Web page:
A Naraya Miracle

In 1998, the Mohawk ancestors came forth in sadness and asked for healing. The next year the work began with our Kahnawake relatives. The third year, this healing manifested in a way that was nothing short of a miracle.

“In the long ago time” at the first few dances in New York at St. John the Divine, there was a man who danced regularly. As his family grew, he no longer came but held the Dance in his heart. When his eldest son turned 16, he brought him to Port Jervis to dance and to renew his own connection with the Naraya. The family was of English descent and had lived in New York for many generations.

Not far from the camp there is an historical landmark sign telling of the massacre in the early 1800’s. I had passed that sign many times as I ran errands for the dance into Port Jervis but didn’t really take note of it.

The first night’s dancing, as usual, was where we found our grounding, tuned our voices and opened ourselves to Spirit. Within that Circle was the man and his son. Within that Circle was Charlie and his relatives of the next generation. Two groups locked hand in hand and as far apart culturally as one could be.

During the conversations the next day, the healing work of our Mohawk brothers was retold and new ceremony was conducted. Then a “light bulb” went off. As the ancestors were honored by us, another ancestral connection woke up. There was yet another “healing” that was being called for.

The historical marker on the road was a few miles from the camp, so that gave us an idea of approximately where the massacre took place. The man stood up and tearfully related that his ancestors’ farm was only a few miles from the camp. They too had suffered losses 200 years earlier. It dawned on everyone that having descendants from both cultures in the same Circle dancing for renewal and healing was no accident. Dancing that night with two generations of families and tribes that had been linked to that event in the early 1800’s, the healing work of restoring the soul played out as never before. “We are all relations” took on a new and powerful meaning.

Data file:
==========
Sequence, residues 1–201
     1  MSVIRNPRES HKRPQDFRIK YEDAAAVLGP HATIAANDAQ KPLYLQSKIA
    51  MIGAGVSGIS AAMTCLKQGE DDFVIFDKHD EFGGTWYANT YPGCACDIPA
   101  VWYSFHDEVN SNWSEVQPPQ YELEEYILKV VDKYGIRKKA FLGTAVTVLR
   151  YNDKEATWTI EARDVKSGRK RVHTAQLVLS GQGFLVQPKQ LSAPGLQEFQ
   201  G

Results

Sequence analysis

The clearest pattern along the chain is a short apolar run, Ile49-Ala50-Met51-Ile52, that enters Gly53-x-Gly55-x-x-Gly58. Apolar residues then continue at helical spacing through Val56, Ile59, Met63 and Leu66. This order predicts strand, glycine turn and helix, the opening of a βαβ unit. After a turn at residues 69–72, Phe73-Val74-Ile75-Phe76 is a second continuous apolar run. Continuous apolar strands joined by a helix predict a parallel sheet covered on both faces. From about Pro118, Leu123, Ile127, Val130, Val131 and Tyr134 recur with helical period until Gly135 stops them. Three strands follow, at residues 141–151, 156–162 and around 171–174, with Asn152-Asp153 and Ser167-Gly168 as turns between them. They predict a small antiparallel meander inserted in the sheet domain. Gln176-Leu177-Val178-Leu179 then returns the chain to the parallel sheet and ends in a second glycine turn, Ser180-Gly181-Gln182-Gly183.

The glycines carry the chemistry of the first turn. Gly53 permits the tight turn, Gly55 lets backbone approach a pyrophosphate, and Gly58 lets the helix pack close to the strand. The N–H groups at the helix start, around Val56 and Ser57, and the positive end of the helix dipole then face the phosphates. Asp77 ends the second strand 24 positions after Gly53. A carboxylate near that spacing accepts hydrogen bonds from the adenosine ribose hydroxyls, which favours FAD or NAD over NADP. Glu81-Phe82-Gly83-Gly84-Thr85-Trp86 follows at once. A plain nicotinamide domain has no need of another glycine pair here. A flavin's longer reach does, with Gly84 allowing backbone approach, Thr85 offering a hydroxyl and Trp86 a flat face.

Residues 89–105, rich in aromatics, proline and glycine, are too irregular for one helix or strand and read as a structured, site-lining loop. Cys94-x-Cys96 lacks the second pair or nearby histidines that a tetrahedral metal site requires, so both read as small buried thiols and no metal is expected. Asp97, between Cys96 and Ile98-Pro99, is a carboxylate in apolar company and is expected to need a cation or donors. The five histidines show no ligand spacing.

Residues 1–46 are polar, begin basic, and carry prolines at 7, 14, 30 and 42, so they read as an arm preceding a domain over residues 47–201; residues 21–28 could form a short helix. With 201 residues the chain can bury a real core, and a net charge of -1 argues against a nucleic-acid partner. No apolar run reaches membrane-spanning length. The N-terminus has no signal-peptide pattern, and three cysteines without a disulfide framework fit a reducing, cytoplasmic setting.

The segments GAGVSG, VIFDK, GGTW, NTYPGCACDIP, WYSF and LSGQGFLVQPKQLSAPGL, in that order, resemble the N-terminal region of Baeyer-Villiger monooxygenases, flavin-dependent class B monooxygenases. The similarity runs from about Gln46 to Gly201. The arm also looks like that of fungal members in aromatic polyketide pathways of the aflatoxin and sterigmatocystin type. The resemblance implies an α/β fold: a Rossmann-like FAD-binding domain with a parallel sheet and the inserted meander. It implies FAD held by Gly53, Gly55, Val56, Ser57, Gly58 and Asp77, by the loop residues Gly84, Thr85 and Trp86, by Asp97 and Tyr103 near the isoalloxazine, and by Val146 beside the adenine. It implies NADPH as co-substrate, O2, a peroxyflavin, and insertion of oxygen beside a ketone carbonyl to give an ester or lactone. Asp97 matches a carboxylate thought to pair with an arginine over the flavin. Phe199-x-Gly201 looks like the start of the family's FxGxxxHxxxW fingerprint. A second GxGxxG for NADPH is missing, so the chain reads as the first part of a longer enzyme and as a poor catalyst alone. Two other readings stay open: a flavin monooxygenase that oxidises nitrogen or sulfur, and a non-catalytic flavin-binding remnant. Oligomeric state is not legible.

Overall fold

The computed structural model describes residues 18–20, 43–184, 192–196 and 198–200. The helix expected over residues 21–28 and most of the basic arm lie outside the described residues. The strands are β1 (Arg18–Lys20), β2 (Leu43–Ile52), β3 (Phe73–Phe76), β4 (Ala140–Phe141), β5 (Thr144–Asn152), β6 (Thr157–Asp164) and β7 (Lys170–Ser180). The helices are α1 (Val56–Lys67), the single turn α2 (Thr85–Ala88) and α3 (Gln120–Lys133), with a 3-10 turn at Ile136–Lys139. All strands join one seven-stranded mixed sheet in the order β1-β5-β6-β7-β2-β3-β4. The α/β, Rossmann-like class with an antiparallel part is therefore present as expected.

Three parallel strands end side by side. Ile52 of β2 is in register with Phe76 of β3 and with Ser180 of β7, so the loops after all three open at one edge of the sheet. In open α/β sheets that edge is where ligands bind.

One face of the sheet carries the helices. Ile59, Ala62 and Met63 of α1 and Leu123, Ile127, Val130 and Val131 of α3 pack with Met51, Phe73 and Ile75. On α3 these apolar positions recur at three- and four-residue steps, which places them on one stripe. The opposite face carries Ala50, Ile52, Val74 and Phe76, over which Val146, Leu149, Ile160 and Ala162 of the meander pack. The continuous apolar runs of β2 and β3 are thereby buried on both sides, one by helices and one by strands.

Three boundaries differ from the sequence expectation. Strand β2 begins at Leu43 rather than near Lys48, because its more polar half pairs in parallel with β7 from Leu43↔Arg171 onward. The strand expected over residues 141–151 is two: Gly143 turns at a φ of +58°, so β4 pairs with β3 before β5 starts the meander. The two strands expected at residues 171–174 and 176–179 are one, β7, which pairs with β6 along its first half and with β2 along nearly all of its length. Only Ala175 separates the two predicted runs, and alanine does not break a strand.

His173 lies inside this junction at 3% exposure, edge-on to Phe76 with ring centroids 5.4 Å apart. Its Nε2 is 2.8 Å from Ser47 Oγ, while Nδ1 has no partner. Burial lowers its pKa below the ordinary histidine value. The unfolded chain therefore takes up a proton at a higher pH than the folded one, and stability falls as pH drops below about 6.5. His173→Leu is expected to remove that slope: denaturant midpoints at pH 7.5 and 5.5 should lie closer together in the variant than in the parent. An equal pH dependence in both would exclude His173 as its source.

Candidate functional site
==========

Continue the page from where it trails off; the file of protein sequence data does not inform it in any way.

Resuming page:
The sacred work of the Naraya is a portal to our ancestral history with all of its sadness and disappointments. Through the Dance, we can mend those strained connections and unite as one People around the Tree of Life, and dance together — transformed and sweetened.

Every Dance around the country has had manifestations of ancestors calling from the past asking healing from those in the present. I have witnessed many of them, and never cease to be amazed at the power and tenderness of these healings.

In these times of isolation, it is vital that we rekindle the storytelling around the fire. This is who we are. We come from different blood lines and different cultures. Ofttimes we find ourselves at odds or think in terms of “us and them”. Our Dance and our spiritual practices are founded in the belief that we are all One People. And it is stories like the descendant of the settlers reconciling with the descendants of the massacred Mohawks that reaffirm that this is the work to which we are called, not once a year but every day.

Mitakuye oyasin,

Franklin Courson 
PIXIE – NY Dancer since 1995